I first came to Botswana in 2004 as a part of my work as a Cultural Ambassador for hip hop. The first hip hop artist to be invited by the U.S. Department of State, my initial assignments were pilots for what has evolved into a comprehensive hip hop diplomacy program employed by the government. These opportunities have given me the chance to not only expand the work I do, but to build relationships independent of institutions. I’ve also been able to discover music that I might otherwise have never heard and to collaborate with artists throughout the diaspora. As a matter of fact, I’ve spent the past few months collecting files for the mix and mastering of my EP, “Travels of a Lyrical Ambassador”, to be released in 2011. It includes material recorded in Cote d’Ivoire, DRC, Senegal, South Africa, France and the U.S.
Pic: Zeus rocking the crowd with the message in Jwaneng
The “Get Up and Go Tour” launched in Gaborone and is taking us to Jwaneng, Kang, Ghanzi, Shakawe, Gumare, Maun, and concludes in Palapaye for a national World AIDS Day event on December 1st. The personnel at the U.S. Embassy really seem to ‘get it’ and have allowed the Kast Foundation to do their thing. Oftentimes government partnerships can be laden with so much bureaucracy and so many politics that the message and project goals get lost. The model for this project could be replicated in other communities around the world. The ways that hip hop can be used as a tool for social change are limitless. HIV is asking us to fight for our lives and the lives of the youth. We’re at war, but in the words of Fela, one the greatest musical warriors to have ever lived, “Music is the weapon!”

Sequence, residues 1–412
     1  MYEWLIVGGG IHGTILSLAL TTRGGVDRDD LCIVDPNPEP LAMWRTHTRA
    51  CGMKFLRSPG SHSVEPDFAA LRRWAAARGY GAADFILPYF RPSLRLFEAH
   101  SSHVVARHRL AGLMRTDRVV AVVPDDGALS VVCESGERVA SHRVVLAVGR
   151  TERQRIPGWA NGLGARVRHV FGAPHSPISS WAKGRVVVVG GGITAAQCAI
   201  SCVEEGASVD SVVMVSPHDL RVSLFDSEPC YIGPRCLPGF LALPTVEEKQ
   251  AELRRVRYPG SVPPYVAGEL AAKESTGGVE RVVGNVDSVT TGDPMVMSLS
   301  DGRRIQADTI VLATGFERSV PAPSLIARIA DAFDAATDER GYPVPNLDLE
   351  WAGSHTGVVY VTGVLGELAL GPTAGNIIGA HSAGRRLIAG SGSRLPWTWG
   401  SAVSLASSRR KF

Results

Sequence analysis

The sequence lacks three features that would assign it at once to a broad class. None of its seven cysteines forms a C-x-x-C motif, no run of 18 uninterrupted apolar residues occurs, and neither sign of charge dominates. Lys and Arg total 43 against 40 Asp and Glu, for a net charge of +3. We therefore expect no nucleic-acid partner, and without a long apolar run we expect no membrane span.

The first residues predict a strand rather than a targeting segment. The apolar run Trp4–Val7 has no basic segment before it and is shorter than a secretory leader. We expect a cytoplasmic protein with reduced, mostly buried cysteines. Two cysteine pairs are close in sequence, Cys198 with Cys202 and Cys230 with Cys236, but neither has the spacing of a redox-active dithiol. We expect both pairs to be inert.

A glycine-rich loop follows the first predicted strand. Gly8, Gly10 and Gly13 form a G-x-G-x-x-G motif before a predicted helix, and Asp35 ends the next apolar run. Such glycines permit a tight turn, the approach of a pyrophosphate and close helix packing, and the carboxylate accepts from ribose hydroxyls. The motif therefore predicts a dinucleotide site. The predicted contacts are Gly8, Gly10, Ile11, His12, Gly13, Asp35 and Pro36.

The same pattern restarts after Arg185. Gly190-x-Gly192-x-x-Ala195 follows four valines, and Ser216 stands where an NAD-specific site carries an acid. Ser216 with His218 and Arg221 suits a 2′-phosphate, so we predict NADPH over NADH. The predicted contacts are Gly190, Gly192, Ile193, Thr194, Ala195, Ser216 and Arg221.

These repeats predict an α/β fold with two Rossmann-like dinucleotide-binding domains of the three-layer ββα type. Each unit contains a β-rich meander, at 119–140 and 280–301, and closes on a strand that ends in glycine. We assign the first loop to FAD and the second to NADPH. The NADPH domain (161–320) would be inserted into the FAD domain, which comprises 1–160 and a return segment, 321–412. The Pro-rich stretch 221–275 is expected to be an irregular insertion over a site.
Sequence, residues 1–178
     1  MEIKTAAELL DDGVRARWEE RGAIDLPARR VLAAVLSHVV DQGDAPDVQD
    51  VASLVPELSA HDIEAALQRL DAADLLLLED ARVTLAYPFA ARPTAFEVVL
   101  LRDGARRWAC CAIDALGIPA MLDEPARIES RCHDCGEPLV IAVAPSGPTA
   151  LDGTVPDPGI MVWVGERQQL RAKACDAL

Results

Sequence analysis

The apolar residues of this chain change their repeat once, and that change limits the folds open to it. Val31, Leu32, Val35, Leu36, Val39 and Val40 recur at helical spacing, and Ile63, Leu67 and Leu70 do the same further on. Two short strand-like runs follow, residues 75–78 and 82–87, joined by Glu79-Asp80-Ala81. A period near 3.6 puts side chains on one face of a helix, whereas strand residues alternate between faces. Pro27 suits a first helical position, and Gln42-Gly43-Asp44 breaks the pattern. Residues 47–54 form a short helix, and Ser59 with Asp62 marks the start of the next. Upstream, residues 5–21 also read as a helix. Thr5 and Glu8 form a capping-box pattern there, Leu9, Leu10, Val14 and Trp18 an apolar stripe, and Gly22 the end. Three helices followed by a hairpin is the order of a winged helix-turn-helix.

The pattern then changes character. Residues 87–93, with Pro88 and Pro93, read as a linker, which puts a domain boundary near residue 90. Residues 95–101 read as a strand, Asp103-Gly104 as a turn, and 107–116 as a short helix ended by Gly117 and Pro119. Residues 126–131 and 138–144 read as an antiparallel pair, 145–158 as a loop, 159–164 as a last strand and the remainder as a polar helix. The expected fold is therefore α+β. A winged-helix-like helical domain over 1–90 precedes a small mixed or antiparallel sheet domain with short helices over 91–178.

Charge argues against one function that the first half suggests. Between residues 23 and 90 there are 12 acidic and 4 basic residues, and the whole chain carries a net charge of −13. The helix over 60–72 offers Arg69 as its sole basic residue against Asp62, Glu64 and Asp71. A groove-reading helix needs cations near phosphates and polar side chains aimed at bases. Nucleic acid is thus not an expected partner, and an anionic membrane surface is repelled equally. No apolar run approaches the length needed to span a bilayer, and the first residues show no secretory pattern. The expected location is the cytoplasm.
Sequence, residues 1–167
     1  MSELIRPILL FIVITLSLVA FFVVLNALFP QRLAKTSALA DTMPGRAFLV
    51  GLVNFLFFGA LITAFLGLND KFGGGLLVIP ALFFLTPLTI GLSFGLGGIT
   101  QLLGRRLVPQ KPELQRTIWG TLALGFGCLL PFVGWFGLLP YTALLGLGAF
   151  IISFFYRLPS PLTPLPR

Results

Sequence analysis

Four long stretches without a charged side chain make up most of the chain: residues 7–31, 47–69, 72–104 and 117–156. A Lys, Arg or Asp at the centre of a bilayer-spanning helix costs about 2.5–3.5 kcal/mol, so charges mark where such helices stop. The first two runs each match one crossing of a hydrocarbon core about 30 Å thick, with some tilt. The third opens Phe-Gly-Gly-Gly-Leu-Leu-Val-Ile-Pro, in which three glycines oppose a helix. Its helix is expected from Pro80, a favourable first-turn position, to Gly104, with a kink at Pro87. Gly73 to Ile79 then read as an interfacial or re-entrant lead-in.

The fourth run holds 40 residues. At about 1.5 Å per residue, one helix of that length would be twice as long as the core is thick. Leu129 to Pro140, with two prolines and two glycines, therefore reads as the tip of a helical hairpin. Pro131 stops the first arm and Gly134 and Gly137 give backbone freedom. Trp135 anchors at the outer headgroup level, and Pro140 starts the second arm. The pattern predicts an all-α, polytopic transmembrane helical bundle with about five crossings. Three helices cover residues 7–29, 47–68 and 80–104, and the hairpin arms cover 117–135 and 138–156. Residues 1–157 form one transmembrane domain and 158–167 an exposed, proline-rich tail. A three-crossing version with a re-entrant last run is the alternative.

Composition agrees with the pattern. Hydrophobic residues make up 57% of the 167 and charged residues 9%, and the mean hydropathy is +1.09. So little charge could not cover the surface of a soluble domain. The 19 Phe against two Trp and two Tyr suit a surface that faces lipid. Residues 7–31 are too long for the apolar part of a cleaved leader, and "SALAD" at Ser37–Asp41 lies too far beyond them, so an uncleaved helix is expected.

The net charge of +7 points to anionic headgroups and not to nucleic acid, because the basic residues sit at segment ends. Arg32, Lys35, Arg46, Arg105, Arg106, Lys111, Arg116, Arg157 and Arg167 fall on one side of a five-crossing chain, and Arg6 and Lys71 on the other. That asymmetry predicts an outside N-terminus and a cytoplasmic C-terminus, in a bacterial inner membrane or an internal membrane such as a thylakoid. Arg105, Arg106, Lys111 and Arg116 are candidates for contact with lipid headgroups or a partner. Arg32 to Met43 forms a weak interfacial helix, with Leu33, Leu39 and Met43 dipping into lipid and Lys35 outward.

*In my follow-up post I’ll share music from these Botswana MC’s and highlight the Get Up and Go artists.
Facebook page for the Get Up and Go tour: www.facebook.com/U.S.EmbassyGaborone
Story by Toni Blackman, U.S. Hip Hop Ambassador, MC/Poet, founder of Freestyle Union, Lyrical Embassy and Rhyme Like A Girl (RLAG)
Pics by Douglas Seremane